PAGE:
Choose pot that is 1-2 inches (2.5-5cm) bigger and make sure it has large drainage holes. This is likely to be a plastic nursery pot which can then be slipped into a decorative container minus the holes in the base.

Using a free draining compost, fill a quarter of the pot with soil before placing the plant in upright. Fill around the root ball with more compost, firming slightly as you go.

Continue until the soil is just below the pot’s rim. Water and leave to drain before popping the plant back in its place.


How do you clean a fiddle leaf fig's leaves

Cleaning a fiddle leaf fig’s large leaves can be hugely beneficial as it increases both photosynthesis and respiration. Wipe gently with a damp soft cloth being careful not to split or damage the foliage.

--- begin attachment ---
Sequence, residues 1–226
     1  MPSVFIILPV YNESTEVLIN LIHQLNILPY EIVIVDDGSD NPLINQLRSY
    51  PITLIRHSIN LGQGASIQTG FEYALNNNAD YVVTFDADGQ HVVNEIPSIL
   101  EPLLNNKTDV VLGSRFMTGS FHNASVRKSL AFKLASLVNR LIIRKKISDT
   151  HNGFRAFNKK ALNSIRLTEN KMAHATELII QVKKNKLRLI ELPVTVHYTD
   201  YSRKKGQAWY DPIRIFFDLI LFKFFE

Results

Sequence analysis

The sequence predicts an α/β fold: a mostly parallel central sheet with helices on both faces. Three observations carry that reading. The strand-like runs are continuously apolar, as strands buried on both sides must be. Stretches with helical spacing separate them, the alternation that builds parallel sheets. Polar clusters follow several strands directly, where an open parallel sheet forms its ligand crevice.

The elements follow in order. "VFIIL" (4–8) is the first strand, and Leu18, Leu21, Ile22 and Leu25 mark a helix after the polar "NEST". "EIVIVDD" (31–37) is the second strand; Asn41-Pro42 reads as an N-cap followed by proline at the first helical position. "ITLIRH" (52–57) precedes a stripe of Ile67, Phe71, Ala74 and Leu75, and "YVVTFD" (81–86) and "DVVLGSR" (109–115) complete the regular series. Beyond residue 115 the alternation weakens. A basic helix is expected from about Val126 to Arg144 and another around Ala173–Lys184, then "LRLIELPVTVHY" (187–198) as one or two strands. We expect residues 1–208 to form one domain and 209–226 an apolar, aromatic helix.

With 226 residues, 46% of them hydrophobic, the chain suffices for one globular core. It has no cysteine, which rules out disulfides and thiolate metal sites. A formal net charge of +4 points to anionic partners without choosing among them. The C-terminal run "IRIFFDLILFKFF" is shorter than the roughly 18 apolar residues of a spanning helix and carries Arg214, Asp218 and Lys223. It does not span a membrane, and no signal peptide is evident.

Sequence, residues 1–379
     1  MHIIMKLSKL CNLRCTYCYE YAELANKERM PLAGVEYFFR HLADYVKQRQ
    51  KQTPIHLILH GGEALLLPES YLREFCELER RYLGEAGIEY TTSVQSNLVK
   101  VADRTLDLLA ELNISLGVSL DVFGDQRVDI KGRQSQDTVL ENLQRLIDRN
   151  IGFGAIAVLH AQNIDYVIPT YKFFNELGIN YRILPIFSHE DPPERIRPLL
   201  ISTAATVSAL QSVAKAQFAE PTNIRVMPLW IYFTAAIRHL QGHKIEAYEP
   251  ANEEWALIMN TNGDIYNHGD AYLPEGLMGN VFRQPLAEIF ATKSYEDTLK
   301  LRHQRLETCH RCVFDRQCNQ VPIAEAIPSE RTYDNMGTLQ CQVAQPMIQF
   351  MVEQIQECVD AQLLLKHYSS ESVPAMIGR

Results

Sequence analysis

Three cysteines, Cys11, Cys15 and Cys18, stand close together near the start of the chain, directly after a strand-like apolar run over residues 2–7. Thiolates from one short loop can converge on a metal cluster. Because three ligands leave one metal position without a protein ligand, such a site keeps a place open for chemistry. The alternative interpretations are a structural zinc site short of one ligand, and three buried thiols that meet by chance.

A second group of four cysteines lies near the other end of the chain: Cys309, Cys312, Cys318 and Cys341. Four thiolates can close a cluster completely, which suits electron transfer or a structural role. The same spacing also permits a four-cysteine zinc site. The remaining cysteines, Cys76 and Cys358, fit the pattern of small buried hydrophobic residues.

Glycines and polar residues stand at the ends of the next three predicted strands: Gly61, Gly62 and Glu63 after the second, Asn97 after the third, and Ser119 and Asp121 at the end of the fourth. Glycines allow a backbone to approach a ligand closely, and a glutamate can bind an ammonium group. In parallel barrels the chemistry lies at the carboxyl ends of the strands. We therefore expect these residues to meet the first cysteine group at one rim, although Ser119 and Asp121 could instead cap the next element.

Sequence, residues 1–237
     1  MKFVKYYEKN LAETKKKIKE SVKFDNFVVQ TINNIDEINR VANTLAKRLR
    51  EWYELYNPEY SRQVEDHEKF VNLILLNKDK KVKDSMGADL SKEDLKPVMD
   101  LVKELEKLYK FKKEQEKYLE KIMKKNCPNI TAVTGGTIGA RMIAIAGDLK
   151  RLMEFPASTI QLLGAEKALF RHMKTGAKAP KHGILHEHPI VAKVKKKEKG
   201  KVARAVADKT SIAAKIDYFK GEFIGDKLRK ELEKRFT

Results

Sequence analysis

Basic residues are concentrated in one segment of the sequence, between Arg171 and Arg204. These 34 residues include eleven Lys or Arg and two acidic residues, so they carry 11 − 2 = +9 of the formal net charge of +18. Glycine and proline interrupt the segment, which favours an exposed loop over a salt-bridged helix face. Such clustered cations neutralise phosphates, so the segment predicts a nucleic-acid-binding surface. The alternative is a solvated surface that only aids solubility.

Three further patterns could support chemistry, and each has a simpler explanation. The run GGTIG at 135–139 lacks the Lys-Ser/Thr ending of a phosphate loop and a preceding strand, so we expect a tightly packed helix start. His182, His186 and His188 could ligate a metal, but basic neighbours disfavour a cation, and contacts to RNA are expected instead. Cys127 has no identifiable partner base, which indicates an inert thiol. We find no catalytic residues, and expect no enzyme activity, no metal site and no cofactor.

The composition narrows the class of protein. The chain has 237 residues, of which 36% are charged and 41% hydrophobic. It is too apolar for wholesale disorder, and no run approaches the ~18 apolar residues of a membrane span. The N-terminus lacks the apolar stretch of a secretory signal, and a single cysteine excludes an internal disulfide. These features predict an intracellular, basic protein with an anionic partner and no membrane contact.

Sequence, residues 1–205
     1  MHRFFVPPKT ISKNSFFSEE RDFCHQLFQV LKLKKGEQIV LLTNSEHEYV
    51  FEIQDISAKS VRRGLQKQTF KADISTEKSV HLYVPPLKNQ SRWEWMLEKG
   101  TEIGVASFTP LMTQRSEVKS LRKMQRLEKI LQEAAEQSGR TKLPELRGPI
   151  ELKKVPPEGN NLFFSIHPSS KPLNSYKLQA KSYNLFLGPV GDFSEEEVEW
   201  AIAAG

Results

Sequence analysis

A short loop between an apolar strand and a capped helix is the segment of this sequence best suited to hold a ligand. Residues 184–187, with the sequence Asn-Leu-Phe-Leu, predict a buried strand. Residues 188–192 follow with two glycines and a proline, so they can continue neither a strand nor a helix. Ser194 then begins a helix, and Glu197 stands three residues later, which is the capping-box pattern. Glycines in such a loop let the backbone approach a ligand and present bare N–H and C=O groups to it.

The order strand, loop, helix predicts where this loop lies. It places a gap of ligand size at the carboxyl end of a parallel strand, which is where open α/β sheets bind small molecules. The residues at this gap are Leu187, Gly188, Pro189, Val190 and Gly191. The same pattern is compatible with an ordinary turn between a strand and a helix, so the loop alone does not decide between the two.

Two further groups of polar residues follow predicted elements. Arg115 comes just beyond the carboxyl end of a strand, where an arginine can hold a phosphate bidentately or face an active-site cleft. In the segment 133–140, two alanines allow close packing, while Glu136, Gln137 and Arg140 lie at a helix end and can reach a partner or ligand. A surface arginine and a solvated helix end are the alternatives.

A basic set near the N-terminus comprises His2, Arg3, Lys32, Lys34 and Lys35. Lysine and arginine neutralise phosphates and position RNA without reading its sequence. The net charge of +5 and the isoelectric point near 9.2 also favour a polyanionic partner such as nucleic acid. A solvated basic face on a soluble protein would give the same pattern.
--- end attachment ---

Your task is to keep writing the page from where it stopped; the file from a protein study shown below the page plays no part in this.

No time for wiping leaves down? Treat your fiddle leaf fig to a shower. Place under the showerhead and give the entire plant a good drenching in tepid water. Be sure to let the plant drain thoroughly before popping back in its decorative pot.

You can keep your plant in top condition by knowing how and when to prune a fiddle leaf fig - then propagate your cuttings to create new plants to add to your collection or delight your friends and family.

Jill Morgan
Contributing Editor

Jill Morgan has spent the last 20 years writing for Interior and Gardening magazines both in print and online. Titles she has been lucky enough to work on include House Beautiful, The English

Home, Ideal Home, Modern Gardens and Although much of her career has involved commissioning and writing about reader homes and home improvement projects, her

everlasting passion is for gardens and outdoor living, which is what she writes about for Homes & Gardens.